Essay on No Second Troy By William Butler Yeats

Essay on No Second Troy By William Butler Yeats

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On the surface, William Butler Yeats’s poem No Second Troy, tells the narrative of a man questioning his unrequited loves morality and ideology. However, further reading of the poem gives the reader insight into Yeats’s own feelings towards Irish radical, Maud Gonne, a woman to whom he proposed on numerous occasions unsuccessfully. Gonne had always been more radical than Yeats within her efforts to secure Ireland’s independence from Britain in the first decades of the 20th century, but Yeats persisted in receiving her love, dedicating many of his poems to her, thus showing his obsession to the radical actress. The poem can be split into four rhetorical questions; first the speaker asks “why” he should blame her, for his own unhappiness; next he questions “what” else she could have done with her “noble” mind; following this, the speaker, seemingly speaking to himself, accepts that she is who she is and that cannot be changed, lastly the speaker questions whether there is anything else that could have been an outlet for her “fiery” temperament.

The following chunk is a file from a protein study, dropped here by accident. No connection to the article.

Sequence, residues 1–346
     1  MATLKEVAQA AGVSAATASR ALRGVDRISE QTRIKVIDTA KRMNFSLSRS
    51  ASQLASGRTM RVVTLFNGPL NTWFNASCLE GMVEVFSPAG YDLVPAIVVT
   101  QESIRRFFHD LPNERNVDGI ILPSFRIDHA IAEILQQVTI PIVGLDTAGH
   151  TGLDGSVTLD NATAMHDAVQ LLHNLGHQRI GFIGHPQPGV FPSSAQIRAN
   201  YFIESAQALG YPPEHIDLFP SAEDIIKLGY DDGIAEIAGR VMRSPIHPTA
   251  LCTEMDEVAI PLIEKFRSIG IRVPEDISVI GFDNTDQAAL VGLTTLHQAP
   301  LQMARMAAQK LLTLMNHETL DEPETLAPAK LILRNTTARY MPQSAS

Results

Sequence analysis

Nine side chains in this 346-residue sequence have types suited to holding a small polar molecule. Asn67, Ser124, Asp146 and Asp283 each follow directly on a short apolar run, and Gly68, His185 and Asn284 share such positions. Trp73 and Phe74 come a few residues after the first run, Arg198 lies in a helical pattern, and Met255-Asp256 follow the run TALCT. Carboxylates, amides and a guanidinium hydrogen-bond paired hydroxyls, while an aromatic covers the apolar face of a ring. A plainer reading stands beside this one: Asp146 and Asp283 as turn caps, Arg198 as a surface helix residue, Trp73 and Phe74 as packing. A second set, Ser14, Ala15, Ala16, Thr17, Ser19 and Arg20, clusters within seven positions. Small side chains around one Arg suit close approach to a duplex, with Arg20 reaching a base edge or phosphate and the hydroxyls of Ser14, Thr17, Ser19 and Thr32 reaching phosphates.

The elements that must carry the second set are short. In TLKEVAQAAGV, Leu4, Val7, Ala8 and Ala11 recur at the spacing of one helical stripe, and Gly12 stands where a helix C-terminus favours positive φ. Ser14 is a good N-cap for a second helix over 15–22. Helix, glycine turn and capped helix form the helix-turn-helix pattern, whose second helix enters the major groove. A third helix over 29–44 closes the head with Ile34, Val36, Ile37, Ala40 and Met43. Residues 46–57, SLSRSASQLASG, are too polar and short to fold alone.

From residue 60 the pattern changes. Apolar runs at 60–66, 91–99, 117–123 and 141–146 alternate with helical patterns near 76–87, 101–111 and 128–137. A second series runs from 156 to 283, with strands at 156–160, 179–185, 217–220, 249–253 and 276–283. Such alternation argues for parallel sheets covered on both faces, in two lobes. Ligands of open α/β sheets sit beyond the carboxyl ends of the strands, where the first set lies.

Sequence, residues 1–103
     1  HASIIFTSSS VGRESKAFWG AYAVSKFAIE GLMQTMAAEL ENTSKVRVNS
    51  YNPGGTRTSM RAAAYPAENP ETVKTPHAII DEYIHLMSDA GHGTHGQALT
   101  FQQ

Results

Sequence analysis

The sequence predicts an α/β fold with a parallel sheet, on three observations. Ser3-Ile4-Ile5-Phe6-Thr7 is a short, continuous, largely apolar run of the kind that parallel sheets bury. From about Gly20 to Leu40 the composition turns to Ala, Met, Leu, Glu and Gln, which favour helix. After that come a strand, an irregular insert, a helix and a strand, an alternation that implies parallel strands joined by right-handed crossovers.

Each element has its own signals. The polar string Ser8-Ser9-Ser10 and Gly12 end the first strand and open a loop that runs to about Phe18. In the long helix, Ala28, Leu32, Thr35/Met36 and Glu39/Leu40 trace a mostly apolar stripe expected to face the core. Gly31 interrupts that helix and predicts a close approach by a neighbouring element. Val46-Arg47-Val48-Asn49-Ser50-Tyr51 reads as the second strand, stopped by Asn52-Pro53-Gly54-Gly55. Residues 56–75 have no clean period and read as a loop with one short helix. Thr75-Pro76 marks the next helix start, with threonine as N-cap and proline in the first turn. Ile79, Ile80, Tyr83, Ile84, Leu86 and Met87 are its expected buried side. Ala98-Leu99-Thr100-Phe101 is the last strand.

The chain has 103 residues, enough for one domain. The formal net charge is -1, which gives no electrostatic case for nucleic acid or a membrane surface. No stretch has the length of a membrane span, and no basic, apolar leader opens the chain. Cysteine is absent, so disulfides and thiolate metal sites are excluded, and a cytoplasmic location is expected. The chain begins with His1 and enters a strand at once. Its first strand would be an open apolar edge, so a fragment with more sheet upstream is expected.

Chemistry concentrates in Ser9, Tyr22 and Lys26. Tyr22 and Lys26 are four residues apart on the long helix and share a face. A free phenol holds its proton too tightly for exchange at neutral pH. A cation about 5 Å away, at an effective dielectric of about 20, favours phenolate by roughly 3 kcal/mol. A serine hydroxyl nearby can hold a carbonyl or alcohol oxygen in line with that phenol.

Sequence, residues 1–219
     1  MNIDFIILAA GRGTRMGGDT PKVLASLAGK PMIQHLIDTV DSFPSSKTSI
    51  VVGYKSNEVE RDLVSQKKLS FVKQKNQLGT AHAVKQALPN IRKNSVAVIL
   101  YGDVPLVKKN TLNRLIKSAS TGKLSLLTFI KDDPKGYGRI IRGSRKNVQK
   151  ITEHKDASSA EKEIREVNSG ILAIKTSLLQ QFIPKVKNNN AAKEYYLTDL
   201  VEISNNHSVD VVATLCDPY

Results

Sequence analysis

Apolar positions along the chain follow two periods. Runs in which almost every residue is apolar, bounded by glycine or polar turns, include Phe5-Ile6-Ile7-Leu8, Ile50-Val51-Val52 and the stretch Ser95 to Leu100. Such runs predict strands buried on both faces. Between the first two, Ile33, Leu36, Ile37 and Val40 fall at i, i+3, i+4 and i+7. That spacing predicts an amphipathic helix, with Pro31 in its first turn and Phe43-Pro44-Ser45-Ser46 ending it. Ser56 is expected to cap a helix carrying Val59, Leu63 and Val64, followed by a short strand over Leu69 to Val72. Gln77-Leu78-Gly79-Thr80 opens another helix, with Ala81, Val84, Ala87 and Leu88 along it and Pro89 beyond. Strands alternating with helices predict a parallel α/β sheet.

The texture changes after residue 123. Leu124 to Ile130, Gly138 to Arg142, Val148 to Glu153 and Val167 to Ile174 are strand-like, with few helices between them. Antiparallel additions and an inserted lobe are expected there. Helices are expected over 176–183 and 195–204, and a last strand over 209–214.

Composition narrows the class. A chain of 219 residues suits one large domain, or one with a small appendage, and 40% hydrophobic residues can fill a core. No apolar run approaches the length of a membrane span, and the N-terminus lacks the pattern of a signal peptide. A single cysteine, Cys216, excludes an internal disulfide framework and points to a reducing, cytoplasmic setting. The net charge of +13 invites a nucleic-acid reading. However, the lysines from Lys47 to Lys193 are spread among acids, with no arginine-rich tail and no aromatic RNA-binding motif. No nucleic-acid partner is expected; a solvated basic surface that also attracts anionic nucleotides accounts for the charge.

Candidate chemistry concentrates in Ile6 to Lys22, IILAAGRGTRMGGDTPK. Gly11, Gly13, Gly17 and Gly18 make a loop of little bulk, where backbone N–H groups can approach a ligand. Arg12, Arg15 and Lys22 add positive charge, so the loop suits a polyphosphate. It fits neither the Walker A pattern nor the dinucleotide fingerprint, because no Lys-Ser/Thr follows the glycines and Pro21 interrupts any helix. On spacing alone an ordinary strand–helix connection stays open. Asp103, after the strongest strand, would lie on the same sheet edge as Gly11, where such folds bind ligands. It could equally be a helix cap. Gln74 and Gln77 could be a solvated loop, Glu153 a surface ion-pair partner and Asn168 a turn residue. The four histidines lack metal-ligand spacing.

Initially, the poem can be viewed as a sonnet, however, true sonnets contain fourteen lines, in contrast to No Second Troy’s twelve, thus making it a douzaine. Like a sonnet, the rhyme scheme can divide the poem into three quatrains, with the lack of last rhyming couplet accounting for the lack of the last two lines. This coupled with a loose iambic pentameter gives the poem a controversial tone throughout, as it does not follow conventional ‘Love’ poem tradition. This transgression of rules can be seen to reflect the controversial nature of the Irish fight for independence, and even Gonne’s own controversial actions, such as her involvement in the 1916 Easter uprising.

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In conclusion, Yeats’s poem No Second Troy contains many formal features, such as a loose iambic pentameter and an untraditional form to convey the conflicting emotions of the speaker, and Yeats himself. In addition, the use of rhetorical questions throughout the poem heightens the confusion and internal uncertainty the speaker explicitly feels towards the woman. The coupling of form and language, to create a tone of confusion and conflict, allow a reader or listener to engage and empathise with the man’s feelings towards a woman who does not love him back. Although the poem requires knowledge of the Trojan War to contextualise the poem, Yeats uses simplistic language throughout, creating an emphasis on the feelings portrayed. This makes the poem easy to read and understand, giving a reader a clear insight into the speaker, and Yeats’s feelings towards the woman.

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